When I was FOUR, sisterhood was sharing my crayons with the girl in class who didn’t have any.
When I was SEVEN, sisterhood was the friends I jumped rope with at recess.
When I was TEN, sisterhood was the friend who still played with me despite the popular girls thinking I was uncool.
When I was THIRTEEN, sisterhood was keeping my friend’s crush a secret.
When I was SIXTEEN, sisterhood was ex-communicating the boy who broke my friend’s heart.
When I was NINETEEN, sisterhood was the friend who held my hair while I puked after getting too drunk.
When I was TWENTY-TWO, sisterhood was the friend who went all in when I had the ambitious idea of making a short film with no money, gear, or experience.
When I was TWENTY-FIVE, sisterhood was the friend who let me move in with her when I had no place to stay.
When I was TWENTY-EIGHT, sisterhood was when I found out my boyfriend had another girlfriend and we both ditched him and became friends.
When I was THIRTY-ONE, sisterhood was #MeToo.
When I was THIRTY-FOUR, sisterhood was the first female President.
When I was THIRTY-SEVEN, sisterhood was a moratorium on photoshopping women’s bodies.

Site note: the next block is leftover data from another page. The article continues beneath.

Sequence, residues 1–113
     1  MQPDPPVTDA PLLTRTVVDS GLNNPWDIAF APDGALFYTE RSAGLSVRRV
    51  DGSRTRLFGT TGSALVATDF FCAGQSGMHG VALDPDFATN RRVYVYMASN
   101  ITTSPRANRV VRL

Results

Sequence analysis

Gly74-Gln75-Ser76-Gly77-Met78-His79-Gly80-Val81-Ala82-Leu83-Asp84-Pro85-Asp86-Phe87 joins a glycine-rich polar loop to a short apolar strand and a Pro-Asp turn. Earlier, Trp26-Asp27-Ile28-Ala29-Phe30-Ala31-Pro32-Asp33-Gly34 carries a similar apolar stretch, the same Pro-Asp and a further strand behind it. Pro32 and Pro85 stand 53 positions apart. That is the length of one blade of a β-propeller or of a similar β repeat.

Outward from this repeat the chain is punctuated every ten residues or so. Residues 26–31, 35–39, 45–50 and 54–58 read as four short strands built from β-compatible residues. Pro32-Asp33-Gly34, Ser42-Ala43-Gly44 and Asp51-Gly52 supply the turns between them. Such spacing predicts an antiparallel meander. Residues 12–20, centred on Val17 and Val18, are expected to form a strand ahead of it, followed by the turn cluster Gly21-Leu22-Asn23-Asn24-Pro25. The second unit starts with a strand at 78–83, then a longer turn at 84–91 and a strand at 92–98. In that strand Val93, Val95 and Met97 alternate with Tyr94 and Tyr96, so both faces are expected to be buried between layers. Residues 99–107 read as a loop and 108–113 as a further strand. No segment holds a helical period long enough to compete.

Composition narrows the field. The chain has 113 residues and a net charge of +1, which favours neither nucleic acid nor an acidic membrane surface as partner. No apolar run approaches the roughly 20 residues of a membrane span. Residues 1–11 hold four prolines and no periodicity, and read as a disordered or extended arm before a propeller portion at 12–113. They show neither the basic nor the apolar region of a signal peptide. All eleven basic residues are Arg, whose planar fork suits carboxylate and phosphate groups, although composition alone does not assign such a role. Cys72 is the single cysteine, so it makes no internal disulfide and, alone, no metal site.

When I was FORTY, sisterhood was women being paid the same as men for doing the same job.
When I was FORTY-THREE, sisterhood was never being questioned by another woman about why I didn’t have children.
When I was FORTY-SIX, sisterhood was feeling safe to be out alone at night.
When I was FORTY-NINE, sisterhood was worldwide legalization of gay marriage.
When I was FIFTY-TWO, sisterhood was the introduction of the male birth control pill.
When I was FIFTY-FIVE, sisterhood was understanding the forces my mother was up against and letting go of my resentments toward her.
When I was FIFTY-EIGHT, sisterhood was mentoring young writers who were striving to tell women’s stories.
When I was SIXTY-ONE, sisterhood was celebrating the lines that grace the faces of me and my friends.
When I was SIXTY-FOUR, sisterhood was cheering for the women who had found more success than me.
When I was SIXTY-SEVEN, sisterhood was working past retirement age because me and my sisters were boss-ass-bitches who still had work we wanted to do.
When I was SEVENTY, sisterhood was the thing I was most thankful for.

But I’m actually only thirty-two, a time when sisterhood is fighting for autonomy of our bodies, begging that rapists aren’t allotted more rights than women, protesting when babies are stripped away from their mothers who seek asylum, marching against the act of jailing women who have an abortion, and screaming to have our voices heard when another man who has engaged in sexual harassment or assault is put into power.

In 2019, SISTERHOOD is the thing I cling to.